Cat Hollow State Forest
Named After Cougars
Cat Hollow State Forest covers 759 acres and is located in the town of Sanford in Broome County. The forest was acquired in 1964 using Bond Act funds and is named after the cougars that roamed the area prior to 1900.
The area is ideal for passive recreation, such as hunting, bird watching and hiking. No formal hiking or cross country ski trails exist, although McMurray road, a 1.2 mile road traverses the forest.
The forest contains a wide array of different cover types. The types include Northern Hardwood, Northern Hardwood-Hemlock, Northern Hardwood-White Pine, Oak, Red Pine and White Spruce. The elevation of the forest ranges from 1200 to 1700 feet above sea level.
The southern boundary of the forest runs for three quarters of a mile along the New York-Pennsylvania Border. A roadside beaver pond can be found along Woodford Road near the west edge of the forest. This area is a good place to see geese, ducks, beaver, herons and other wetland wildlife species. The forest has two streams- Cat Hollow stream and a small tributary of Cat Hollow that is unnamed. In addition, there are two small wetlands on the forest that total 8.8 acres in size, and two interior ponds.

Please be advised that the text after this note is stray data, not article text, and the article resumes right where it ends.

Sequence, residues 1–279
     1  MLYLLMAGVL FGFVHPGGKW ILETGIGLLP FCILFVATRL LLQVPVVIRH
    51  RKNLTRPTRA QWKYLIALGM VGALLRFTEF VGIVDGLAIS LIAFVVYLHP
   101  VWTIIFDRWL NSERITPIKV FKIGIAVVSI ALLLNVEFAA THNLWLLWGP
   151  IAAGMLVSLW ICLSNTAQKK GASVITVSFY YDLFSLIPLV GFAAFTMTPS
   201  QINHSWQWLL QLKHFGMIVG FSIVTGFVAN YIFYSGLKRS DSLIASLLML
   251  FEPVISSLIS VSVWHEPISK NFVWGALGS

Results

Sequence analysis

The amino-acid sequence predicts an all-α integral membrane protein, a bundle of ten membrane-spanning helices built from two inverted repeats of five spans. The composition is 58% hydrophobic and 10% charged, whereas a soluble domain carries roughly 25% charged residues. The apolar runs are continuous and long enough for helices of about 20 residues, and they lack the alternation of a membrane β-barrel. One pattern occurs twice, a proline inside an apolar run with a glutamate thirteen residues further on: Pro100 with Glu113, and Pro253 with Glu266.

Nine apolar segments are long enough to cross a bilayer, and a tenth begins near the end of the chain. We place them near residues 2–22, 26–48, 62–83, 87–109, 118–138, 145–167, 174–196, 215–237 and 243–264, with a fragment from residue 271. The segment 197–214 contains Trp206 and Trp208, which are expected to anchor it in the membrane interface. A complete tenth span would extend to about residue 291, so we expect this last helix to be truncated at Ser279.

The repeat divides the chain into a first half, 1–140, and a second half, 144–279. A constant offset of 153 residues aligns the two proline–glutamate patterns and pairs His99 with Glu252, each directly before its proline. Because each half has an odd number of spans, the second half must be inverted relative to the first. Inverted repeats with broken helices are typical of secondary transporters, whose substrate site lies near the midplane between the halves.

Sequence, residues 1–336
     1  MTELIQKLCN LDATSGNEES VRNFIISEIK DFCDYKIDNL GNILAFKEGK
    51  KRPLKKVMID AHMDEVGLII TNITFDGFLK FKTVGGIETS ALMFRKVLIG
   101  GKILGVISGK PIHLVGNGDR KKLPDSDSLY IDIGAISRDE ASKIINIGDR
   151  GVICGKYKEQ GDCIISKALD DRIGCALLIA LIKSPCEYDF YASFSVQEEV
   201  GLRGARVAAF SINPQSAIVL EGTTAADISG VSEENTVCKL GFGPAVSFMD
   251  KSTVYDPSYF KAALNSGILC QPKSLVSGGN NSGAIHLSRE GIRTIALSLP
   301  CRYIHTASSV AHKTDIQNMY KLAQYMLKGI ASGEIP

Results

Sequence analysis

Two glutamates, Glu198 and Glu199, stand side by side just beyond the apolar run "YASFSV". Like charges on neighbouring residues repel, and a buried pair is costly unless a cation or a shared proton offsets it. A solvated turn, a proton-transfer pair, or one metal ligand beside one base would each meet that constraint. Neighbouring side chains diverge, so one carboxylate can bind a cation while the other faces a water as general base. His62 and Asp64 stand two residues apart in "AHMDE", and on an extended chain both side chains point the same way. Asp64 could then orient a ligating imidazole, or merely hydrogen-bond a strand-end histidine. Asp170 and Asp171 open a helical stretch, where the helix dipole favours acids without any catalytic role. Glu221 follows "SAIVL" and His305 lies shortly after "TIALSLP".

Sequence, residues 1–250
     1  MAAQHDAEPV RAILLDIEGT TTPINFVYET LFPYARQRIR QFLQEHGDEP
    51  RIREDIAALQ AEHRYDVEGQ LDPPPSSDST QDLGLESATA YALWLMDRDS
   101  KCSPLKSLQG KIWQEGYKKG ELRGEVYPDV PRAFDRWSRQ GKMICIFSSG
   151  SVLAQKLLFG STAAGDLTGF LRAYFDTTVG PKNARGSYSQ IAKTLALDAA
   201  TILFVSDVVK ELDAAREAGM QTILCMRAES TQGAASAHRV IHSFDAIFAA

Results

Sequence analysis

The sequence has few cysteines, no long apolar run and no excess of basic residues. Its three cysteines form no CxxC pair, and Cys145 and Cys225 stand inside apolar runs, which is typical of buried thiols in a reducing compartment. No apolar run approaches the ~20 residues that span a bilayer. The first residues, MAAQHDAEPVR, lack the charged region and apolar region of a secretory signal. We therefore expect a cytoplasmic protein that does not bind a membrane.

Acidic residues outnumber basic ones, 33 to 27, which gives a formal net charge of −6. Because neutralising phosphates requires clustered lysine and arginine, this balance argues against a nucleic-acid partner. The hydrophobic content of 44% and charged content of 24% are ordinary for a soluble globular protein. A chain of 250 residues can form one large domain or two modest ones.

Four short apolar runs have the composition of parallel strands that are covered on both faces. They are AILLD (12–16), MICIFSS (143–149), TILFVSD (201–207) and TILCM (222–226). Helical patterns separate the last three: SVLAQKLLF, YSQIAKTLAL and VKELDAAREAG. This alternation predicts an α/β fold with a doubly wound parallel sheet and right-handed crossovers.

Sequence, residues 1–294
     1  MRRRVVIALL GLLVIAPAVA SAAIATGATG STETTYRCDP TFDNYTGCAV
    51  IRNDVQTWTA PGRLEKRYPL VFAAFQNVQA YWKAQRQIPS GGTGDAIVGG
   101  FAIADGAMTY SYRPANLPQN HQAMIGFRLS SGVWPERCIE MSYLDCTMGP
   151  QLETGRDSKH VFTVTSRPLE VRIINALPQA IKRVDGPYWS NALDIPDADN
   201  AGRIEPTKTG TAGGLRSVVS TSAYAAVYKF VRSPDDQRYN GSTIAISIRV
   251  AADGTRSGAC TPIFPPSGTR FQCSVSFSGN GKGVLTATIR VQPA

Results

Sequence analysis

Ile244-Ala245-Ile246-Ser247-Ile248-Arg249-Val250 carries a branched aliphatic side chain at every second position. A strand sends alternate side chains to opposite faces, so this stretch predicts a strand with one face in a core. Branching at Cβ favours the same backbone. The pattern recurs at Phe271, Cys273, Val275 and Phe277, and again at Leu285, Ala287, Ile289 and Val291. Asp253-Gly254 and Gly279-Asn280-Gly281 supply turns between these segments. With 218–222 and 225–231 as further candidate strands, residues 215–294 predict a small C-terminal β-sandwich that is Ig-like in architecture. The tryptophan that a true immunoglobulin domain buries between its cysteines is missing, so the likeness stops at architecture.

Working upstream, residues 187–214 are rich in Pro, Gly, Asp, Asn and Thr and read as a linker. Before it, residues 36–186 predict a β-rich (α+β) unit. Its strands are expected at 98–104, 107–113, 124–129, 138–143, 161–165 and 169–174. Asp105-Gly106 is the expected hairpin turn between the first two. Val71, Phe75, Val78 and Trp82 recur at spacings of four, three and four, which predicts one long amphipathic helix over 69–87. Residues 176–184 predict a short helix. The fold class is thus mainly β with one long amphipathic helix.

Anyone enjoying the use of this State Forest must observe the following rules which protect them and the forest environment:
- Do not litter. Carry out what you carry in. Burying of refuse is prohibited.
- If you build a fire, do so with care and use wood from dead and downed trees only. Never leave a fire unattended.
- All motorized vehicles are restricted to access roads posted as motor vehicle trails. Off road use of motorized vehicles, such as ATVs, trail bikes and four-wheel drives is not allowed, except where specifically permitted by signs, posted notice or by DEC permit.
- Camping for more than three nights or in a group of ten or more requires a permit from a Forest Ranger. Camping is prohibited within 150 feet of water, roads or trail.
- No permanent structures should be established, including tree stands or blinds.
Access to the forest is gained by traveling south from the village of Deposit on Oquaga Lake Road, and turning left onto Gillette Road. At the intersection with Woodford Road, the abandoned McMurray Road begins, and runs southeast through the forest. This old road runs along a feeder stream to the West Branch of the Delaware River, and passes old farm foundation and a beaver pond. There is parking along Woodford Road and at the entrance to the forest along Gillette Road.
State Forest Office (M-F 8am-4pm): 607-674-4017
Forest Ranger (Evenings, Weekends and Holidays): 607-648-6247
DEC Forest Ranger Dispatch: 518-408-5850